Recently I was asked to provide commentary on a new shelter being proposed in Florida. Shelters are an important asset in ending homelessness when they are focused on helping people get into housing as quickly as possible. Every community needs an adequate number of shelter spaces relatively to the demands in their specific community. And in this Florida community, they have woefully few shelter beds and definitely need more.
While some may argue that a bad shelter is better than no shelter, I do not share that sentiment. When there is a new multi-million dollar capital investment on the table, probably best that it be done right.
Urban planning should inform various aspects of sheltering. Place matters. Shelters should be proximate to the needs of the guests that are using the shelter. One cannot be expected to work on housing goals out of the shelter if they are far away from where rental accommodation is located, and/or, when there is insufficient public transportation near the shelter. “Out of sight, out of mind” may be the position of the elected officials approving the shelter siting, but the outcomes of the shelter will be much worse if the location chosen is disconnected from the urban fabric.
A shelter should have the staffing necessary to have a housing focus. This means diverting people from shelter when it is safe and appropriate to do so; focusing on self-resolving homelessness through housing, especially for those that have not been in shelter before; and, dedicating more intensive resources to help with housing through rapid re-housing or permanent supportive housing for those that are stuck in shelter. When you look at the staffing for a shelter, it is a cause for concern when the number of staff dedicated to security exceeds the staff dedicated to housing and supporting shelter guests.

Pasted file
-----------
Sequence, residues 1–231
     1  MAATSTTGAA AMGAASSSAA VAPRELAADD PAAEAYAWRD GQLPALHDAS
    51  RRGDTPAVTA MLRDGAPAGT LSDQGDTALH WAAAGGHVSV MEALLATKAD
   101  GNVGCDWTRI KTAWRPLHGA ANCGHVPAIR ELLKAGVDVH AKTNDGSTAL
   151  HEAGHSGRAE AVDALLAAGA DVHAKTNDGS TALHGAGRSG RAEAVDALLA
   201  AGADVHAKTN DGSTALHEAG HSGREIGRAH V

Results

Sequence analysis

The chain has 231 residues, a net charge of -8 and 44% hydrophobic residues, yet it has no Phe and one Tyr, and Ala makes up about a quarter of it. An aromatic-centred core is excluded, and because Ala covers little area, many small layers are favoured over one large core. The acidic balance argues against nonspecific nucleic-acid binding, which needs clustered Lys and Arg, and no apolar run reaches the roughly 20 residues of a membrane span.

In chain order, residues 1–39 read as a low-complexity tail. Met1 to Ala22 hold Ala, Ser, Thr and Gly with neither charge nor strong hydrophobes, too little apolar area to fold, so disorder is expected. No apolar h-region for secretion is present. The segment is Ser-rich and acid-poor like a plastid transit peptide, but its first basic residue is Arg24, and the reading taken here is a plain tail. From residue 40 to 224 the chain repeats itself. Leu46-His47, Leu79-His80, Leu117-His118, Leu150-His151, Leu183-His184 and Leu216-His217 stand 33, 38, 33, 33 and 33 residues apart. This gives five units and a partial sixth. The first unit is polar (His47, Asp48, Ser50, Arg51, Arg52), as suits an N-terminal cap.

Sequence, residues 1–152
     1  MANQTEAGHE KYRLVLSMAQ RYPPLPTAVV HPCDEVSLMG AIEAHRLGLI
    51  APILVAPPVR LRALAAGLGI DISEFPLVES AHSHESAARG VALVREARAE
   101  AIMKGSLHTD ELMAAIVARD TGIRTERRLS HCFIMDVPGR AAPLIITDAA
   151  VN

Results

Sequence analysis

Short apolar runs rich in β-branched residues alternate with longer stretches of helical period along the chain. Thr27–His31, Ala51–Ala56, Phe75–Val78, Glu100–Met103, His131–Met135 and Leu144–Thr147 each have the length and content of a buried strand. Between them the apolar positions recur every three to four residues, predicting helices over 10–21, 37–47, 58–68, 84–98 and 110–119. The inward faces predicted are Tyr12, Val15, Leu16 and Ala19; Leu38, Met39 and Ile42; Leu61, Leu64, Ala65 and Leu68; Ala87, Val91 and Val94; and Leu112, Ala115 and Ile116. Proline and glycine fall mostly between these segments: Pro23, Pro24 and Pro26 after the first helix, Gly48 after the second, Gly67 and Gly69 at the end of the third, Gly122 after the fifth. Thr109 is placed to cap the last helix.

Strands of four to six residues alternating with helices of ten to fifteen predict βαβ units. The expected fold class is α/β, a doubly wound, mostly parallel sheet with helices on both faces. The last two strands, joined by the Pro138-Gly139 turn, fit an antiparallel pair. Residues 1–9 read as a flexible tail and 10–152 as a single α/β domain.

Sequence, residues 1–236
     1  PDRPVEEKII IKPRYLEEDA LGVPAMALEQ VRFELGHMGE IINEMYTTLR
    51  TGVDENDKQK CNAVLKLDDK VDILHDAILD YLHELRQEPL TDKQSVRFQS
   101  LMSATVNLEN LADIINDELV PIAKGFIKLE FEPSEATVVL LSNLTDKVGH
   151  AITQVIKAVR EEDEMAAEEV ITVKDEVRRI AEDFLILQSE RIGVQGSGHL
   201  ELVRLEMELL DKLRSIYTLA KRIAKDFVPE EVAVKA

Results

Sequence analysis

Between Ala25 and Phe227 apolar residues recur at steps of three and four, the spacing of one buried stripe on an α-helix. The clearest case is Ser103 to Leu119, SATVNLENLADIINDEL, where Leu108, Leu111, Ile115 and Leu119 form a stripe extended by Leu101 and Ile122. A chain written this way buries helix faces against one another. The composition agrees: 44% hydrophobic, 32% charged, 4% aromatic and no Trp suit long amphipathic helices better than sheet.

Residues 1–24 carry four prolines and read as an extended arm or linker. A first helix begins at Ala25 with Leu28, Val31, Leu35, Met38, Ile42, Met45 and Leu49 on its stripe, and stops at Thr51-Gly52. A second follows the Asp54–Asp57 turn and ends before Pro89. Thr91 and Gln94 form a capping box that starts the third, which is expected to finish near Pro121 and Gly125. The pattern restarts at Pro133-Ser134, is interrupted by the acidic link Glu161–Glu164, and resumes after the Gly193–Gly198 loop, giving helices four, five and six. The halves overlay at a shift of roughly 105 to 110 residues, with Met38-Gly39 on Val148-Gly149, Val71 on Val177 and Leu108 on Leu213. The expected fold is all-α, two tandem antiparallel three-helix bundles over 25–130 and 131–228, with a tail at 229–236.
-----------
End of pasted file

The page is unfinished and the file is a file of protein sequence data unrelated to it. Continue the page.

Furthermore, one must critically examine any and all other services being offered at the shelter, other than housing-focused services. Community gardens, financial education and behavioural health services may sound good, but they can also interfere with the urgency of moving on to housing.
Spaces must be designed for the people that will be served within them. Trauma-informed design places particular emphasis on things like lighting, matte colours, and open spaces, especially hallways and transition points. The space should be as predictable as possible, avoiding sharp corners where people may inadvertently surprise or bump into one another. Spaces should not be confining. Noise should be muted through adaptations to the walls. Dignity is reflected in the care and maintenance of the space where people dwell. A space not maintained well or in a terrible state of repair in essence is a reflection of how the building operator feels about the person within the space.
Within this particular shelter in Florida, renderings provided showed no signs of trauma-informed design. More emphasis seemed to be place on utility than care of the people that would use the facility. When people have experienced significant trauma, shouldn’t we go to greater lengths to make sure the place they are being sheltered does not make their trauma worse?